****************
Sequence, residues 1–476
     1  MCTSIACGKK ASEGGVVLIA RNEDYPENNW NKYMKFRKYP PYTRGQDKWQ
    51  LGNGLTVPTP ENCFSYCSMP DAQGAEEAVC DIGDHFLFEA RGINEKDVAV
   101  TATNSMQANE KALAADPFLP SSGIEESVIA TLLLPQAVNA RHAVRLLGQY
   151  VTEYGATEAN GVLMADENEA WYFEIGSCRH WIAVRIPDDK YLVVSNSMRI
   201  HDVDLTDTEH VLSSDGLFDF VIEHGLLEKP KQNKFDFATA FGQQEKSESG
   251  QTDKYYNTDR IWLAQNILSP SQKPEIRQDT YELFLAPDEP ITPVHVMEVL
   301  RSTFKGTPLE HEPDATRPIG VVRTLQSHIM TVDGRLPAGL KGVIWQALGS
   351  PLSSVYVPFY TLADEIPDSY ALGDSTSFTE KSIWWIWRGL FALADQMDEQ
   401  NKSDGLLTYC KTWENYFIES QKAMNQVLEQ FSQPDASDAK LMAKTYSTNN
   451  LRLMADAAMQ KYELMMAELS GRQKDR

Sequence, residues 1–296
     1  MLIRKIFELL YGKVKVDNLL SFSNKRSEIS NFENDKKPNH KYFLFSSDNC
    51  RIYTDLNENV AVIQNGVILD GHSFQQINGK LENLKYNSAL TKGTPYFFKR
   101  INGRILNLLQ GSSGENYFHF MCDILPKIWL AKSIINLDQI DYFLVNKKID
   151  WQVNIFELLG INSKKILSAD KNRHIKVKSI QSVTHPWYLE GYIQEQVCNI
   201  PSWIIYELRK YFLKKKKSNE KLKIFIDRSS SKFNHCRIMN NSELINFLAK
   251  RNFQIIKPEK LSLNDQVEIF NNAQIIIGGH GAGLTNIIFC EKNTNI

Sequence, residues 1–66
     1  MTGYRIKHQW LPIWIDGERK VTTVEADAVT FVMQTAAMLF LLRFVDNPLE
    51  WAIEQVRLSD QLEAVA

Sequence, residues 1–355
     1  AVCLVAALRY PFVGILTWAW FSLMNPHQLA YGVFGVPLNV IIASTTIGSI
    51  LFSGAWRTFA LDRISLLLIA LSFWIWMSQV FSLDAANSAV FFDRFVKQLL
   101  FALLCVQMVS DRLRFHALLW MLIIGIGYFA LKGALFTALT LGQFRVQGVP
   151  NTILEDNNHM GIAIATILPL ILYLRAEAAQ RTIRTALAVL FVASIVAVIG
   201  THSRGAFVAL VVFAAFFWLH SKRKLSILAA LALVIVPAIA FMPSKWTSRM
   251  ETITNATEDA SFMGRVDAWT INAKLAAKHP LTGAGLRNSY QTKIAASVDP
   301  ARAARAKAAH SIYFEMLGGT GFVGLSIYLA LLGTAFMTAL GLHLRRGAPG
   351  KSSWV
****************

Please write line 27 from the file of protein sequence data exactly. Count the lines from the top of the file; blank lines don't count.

   201  THSRGAFVAL VVFAAFFWLH SKRKLSILAA LALVIVPAIA FMPSKWTSRM